Pausing mice’s movement may shed light on motor symptoms

Activating specific brain cells results in total halt in animals' movement

Marisa Wexler, MS avatar

by Marisa Wexler, MS |

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A group of mice in a huddle, eating red pellets.

Activating a specific group of nerve cells in the brain leads to a sudden and total halt in movement in mice, a study shows.

Since freezing and slowed movement are common motor symptoms of Parkinson’s disease, scientists think these nerve cells may play a role in the condition.

“Motor arrest or slow movement is one of the cardinal symptoms of Parkinson’s disease. We speculate that these special nerve cells … are overactivated in Parkinson’s disease. That would inhibit movement,” Ole Kiehn, MD, a professor at the University of Copenhagen, Denmark and co-author of the study, said in a news release.

While the study, “Pedunculopontine Chx10+ neurons control global motor arrest in mice,” was focused on understanding the function of these cells in non-disease conditions, the findings “may eventually help … understand the cause of some of the motor symptoms in Parkinson’s disease,” Kiehn said. It was published in Nature Neuroscience.

The brain’s ability to coordinate movement is a complicated process. To execute a well-coordinated movement, the brain must be able to control when the movement starts, how long it lasts, and when it stops, all with extreme levels of precision. The precise mechanisms that control movement in the brain remain poorly understood.

Here, the researchers identified a specific group of neurons (nerve cells) in a part of the brain’s pedunculopontine nucleus (PPN), which helps coordinate movement. These neurons expressed a protein marker called Chx10 and produce the chemical messenger glutamate.

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‘Like setting a film on pause’

They used a technique called optogenetics, where neurons are engineered so they’ll activate in response to a specific type of light, to test their function. When the Chx10-positive neurons were activated, the mice froze, their movement stopped, and they even paused their breathing and lowered their heart rate.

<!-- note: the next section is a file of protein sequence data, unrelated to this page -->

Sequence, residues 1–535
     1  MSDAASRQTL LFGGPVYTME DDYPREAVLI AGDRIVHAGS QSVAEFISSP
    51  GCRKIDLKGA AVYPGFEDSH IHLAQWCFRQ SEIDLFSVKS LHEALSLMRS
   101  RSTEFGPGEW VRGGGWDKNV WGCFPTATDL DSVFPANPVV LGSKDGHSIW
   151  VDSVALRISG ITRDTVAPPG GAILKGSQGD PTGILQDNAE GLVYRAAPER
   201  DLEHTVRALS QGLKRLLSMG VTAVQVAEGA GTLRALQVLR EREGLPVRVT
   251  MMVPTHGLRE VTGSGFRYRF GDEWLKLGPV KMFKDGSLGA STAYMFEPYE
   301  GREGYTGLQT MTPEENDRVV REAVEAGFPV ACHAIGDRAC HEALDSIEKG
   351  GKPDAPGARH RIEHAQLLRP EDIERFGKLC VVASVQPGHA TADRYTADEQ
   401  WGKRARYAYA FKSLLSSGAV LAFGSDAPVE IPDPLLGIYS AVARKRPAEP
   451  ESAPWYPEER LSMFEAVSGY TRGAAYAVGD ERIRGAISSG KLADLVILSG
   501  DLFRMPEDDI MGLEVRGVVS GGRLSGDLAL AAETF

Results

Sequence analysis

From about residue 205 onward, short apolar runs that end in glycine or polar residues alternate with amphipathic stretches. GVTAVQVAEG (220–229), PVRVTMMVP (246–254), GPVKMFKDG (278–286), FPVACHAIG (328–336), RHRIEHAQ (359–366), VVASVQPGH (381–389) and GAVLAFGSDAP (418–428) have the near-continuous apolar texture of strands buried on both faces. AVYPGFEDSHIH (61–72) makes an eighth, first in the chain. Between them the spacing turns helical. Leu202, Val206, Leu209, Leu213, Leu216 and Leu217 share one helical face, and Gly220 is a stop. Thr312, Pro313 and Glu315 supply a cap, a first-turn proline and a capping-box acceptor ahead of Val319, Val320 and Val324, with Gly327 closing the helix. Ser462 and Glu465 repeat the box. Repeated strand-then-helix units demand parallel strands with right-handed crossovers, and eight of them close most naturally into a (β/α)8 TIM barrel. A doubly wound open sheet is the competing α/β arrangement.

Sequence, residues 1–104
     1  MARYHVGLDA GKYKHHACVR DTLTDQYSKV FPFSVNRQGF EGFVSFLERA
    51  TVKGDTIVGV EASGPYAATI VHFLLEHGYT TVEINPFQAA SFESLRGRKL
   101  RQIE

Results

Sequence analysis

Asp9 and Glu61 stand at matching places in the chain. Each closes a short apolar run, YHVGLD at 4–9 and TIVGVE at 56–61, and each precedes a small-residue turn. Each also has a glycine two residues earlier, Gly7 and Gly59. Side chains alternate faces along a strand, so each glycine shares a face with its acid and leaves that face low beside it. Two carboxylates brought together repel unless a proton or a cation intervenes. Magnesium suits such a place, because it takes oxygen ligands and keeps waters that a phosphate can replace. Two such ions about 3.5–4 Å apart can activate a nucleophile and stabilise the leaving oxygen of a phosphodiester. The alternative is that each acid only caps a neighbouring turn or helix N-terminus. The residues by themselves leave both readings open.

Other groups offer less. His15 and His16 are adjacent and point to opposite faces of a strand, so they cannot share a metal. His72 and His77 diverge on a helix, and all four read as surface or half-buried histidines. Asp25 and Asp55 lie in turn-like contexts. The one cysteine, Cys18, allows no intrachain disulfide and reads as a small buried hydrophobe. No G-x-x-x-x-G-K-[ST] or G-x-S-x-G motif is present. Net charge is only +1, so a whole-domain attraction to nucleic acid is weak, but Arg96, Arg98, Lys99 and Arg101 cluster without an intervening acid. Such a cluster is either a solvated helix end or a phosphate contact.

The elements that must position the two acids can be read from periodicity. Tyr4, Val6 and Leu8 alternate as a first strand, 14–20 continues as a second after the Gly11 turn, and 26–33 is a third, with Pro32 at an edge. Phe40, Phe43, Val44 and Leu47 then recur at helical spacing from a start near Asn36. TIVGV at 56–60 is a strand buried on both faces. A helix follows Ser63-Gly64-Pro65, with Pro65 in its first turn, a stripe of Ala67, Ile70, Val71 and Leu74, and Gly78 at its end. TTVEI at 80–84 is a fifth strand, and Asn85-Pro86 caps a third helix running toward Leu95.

“There are various ways to stop movement. What is so special about these nerve cells is that once activated they cause the the movement to be paused or freeze,” said Kiehn, who described the change as “like setting a film on pause. The actors movement suddenly stop on the spot.”

When the neurons stopped being activated, the mice resumed their movements — sort of like hitting “play” on a paused video.

“This ‘pause-and-play pattern’ is very unique; it is unlike anything we have seen before. It does not resemble other forms of movement or motor arrest we or other researchers have studied. There, the movement does not necessarily start where it stopped, but may start over with a new pattern,” said Haizea Goñi-Erro, PhD, a co-author of the study who worked on the research as a graduate student in Kiehn’s lab.

The type of freezing induced by activating the Chx10-positive neurons was distinct from the way mice and other animals will freeze when they’re frightened.

“We are very sure that the movement arrest observed here is not related to fear. Instead, we believe it has something to do with attention or alertness,” said Roberto Leiras, PhD, study co-author and professor at the University of Copenhagen.

Findings may make deep brain stimulation more effective

Previous studies in people with Parkinson’s disease have used deep brain stimulation (DBS) — a surgical intervention that delivers electrical stimulation to specific brain regions — to target the PPN, the area of the brain where these neurons are found. Targeting the PPN in this way has helped ease motor symptoms in some cases, but not others.

These new findings may help explain this discrepancy, since the Chx10-positive neurons are mainly found in the part of the PPN that’s toward the front of the body. They speculated that DBS of the PPN might be more successful if it specifically targets the back part. This may avoid activating the neurons that induce freezing while activating other neurons in the PPN that stimulate movement.

“It is likely that a successful approach for deep brain stimulation targeted to the PPN to alleviate [Parkinson’s] locomotor dysfunctions should avoid the rostral [front] part of the nucleus to prevent the engagement of the Chx10+ population,” the researchers wrote, noting the findings offer insight into how the brain controls movement. Better understanding these processes could aid in understanding motor problems in Parkinson’s, they said.